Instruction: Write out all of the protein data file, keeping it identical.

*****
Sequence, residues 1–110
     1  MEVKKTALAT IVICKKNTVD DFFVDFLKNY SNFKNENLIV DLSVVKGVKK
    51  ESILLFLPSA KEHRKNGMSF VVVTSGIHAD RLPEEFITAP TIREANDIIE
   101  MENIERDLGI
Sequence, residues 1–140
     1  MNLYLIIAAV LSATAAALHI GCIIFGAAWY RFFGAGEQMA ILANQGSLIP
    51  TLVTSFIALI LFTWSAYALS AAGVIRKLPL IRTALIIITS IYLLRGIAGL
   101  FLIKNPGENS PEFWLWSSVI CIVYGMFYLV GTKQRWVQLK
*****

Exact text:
Sequence, residues 1–110
     1  MEVKKTALAT IVICKKNTVD DFFVDFLKNY SNFKNENLIV DLSVVKGVKK
    51  ESILLFLPSA KEHRKNGMSF VVVTSGIHAD RLPEEFITAP TIREANDIIE
   101  MENIERDLGI
Sequence, residues 1–140
     1  MNLYLIIAAV LSATAAALHI GCIIFGAAWY RFFGAGEQMA ILANQGSLIP
    51  TLVTSFIALI LFTWSAYALS AAGVIRKLPL IRTALIIITS IYLLRGIAGL
   101  FLIKNPGENS PEFWLWSSVI CIVYGMFYLV GTKQRWVQLK